When we last left off
, I had capitulated to the peer pressure: We were heading to the hills on the morning of one of Vancouver's biggest-ever snowfalls. More than a foot had fallen now, and was still coming down, and would be, for a few hours yet.
Myself, Anna, Shawn, and the Two Germans, were stuffed into that little car. We had our gear, our thermos of cocoa, and life was gonna be just fine, right?
The unusually dry, powdery snow (we usually get slush in these parts) crunched and moaned under the car as I cautiously took us through Surrey, New Westminster, and Burnaby, as we headed all the way to North Vancouver, home of Vancouver's famous North Shore -- fine skiing on three major slopes, all within 15 minutes of the downtown core.
On the roads, nary a soul. My fears began ebbing away as we progressed farther and farther on our trip. "This isn't so bad," I thought. Add to that the respect shown by my passengers, who kept the talking quiet and to a minimum, so I could drive safely and concentrate, and my nerves weren't nearly as bad as they'd been at 8am.
Like we all come to learn at one point or another, confidence often breeds arrogrance, and arrogance usually breeds carelessness. I wouldn't go so far as to say I was careless, but with a healthy mix of confidence and ignorance, I'd say that wound up being the end product. How could I have forgotten the effects of elevation on weather, and the low stance of my itty, bitty made-in-Japan by Mitsubishi for Dodge car in that already-14 inches of snow?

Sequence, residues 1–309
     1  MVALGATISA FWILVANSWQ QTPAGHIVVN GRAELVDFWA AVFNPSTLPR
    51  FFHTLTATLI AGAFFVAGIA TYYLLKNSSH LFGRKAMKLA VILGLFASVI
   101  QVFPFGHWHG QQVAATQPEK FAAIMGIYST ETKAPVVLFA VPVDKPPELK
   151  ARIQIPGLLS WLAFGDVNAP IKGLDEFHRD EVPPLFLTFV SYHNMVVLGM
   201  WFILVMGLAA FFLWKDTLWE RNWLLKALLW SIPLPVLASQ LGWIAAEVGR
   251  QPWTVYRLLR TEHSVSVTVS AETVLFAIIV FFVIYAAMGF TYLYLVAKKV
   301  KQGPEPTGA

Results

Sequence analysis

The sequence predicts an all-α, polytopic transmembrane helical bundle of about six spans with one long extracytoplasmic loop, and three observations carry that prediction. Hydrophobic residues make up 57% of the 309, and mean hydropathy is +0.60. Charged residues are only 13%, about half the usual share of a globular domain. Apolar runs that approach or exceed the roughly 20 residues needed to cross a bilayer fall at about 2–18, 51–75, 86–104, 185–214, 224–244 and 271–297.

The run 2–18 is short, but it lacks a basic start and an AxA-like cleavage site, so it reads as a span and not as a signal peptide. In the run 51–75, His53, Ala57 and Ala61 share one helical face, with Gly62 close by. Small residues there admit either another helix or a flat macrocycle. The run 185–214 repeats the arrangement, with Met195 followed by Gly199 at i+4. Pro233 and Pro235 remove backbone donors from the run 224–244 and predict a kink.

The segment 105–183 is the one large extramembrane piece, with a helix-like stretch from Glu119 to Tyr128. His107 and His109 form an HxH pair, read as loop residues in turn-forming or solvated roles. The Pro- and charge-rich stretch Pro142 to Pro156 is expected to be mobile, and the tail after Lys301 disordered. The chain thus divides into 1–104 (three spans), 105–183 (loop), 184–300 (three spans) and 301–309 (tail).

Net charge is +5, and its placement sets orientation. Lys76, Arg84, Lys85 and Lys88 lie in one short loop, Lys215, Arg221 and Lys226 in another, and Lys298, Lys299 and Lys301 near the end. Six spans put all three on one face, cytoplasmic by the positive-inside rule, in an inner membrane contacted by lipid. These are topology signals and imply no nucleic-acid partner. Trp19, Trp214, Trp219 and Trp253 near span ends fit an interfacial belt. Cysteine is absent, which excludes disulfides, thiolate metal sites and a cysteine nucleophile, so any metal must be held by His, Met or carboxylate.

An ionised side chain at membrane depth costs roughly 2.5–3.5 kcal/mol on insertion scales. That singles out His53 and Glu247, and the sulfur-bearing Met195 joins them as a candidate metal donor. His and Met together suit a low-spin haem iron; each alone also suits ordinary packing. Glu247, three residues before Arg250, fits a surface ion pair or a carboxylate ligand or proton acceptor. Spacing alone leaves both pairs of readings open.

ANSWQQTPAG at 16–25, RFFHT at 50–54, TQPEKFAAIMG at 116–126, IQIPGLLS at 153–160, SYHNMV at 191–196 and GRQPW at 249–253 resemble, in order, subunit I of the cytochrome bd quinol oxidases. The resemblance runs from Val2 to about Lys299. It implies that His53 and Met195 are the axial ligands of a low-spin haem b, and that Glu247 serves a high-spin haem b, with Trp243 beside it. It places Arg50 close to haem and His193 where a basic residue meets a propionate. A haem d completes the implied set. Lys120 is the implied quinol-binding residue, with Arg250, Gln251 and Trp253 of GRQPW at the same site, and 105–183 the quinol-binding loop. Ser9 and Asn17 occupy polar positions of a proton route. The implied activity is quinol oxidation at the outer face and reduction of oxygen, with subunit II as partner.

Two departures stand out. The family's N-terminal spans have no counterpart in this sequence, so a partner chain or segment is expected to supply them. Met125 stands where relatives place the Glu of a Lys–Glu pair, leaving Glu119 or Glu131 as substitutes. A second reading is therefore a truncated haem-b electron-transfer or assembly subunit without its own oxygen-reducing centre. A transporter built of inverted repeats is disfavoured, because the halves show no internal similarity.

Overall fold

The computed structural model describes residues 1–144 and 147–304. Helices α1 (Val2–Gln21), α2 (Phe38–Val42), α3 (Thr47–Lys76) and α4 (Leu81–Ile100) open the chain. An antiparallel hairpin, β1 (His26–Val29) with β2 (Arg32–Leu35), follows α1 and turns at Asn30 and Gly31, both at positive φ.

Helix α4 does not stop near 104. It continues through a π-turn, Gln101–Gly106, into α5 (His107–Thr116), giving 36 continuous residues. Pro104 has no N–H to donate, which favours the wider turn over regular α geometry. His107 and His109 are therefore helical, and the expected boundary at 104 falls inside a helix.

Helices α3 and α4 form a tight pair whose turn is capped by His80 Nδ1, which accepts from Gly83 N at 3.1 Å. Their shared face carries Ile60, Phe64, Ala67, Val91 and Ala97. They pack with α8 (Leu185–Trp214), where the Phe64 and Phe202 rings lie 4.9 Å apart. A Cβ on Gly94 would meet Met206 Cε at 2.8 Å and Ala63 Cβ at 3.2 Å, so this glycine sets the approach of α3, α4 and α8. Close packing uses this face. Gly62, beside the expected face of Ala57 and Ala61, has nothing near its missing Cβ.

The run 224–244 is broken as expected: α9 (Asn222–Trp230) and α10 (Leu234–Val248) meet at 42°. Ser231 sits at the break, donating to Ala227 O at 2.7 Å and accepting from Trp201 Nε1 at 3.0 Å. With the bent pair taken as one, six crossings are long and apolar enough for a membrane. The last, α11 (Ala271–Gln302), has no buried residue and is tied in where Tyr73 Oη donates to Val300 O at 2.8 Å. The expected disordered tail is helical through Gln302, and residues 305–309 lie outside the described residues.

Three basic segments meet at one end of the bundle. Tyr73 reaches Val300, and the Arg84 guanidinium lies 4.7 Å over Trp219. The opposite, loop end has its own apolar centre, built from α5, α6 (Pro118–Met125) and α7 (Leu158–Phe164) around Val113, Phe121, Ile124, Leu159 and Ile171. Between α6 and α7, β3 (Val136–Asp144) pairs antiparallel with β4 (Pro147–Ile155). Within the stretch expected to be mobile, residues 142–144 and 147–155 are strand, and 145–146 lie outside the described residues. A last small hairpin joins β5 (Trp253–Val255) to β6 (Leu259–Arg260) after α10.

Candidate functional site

Finally, we hit the legendary Mountain Highway. It is exactly what its name suggests: The main thoroughfare up the mountain. So, what was about 14 inches of snow in the city was now closer to 20. Roads were largely unplowed, given that it was still snowing so hard and was a Sunday morning. The weather front had never been predicted, and the snow took everyone by surprise, including the departments of highways, who would be responsible for plowing -- as soon as they got their shit together and did something about it, that is.
My little Dodge Colt must've taken one look at the perilous ascent that loomed before us, because I could swear I heard it sputter, "You got to be fucking kidding me."
No sooner had we merged onto Mountain Highway than my little car would go no further. Spin, spin, sputter, spin. Whirr, grind, whoosh, whirr! We came to a stand-still, the tires spinning out under us.
Secretly, I was relieved. The road was terrifying. Up, up, and up, snow, snow, and more snow. I didn't want to have to deal.
We sat there in the car, wondering what next to do.
Shawn got out, looked at the tires, and then came around to my window and addressed me.
"Well, we both have 13"-145 tires, so why don't we do a u-turn, head down the hill here, and we'll go to Canadian Tire? It's 9:45, they open at 11, we'll enjoy our thermos, then I can buy some chains, it'll get us up the mountains, and when we get back, I'll keep them for my car."
I gave it some thought, figured it was a smart plan, and with the use of chains, my confidence would be higher, and our safety factor greater. Suddenly it seemed a little less daunting.
"Why the hell not," I said, starting the engine back up and putting the car into reverse.